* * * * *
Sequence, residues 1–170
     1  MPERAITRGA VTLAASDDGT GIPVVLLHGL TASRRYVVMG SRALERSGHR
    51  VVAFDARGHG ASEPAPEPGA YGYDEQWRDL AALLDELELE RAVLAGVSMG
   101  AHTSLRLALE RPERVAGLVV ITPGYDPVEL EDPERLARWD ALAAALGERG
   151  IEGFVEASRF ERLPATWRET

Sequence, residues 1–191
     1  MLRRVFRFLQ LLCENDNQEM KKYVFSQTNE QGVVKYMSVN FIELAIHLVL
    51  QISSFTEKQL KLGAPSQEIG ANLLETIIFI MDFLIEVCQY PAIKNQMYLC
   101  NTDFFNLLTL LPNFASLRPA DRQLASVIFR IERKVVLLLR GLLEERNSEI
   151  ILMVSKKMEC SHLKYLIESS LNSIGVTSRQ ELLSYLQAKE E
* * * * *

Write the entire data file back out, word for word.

Sequence, residues 1–170
     1  MPERAITRGA VTLAASDDGT GIPVVLLHGL TASRRYVVMG SRALERSGHR
    51  VVAFDARGHG ASEPAPEPGA YGYDEQWRDL AALLDELELE RAVLAGVSMG
   101  AHTSLRLALE RPERVAGLVV ITPGYDPVEL EDPERLARWD ALAAALGERG
   151  IEGFVEASRF ERLPATWRET

Sequence, residues 1–191
     1  MLRRVFRFLQ LLCENDNQEM KKYVFSQTNE QGVVKYMSVN FIELAIHLVL
    51  QISSFTEKQL KLGAPSQEIG ANLLETIIFI MDFLIEVCQY PAIKNQMYLC
   101  NTDFFNLLTL LPNFASLRPA DRQLASVIFR IERKVVLLLR GLLEERNSEI
   151  ILMVSKKMEC SHLKYLIESS LNSIGVTSRQ ELLSYLQAKE E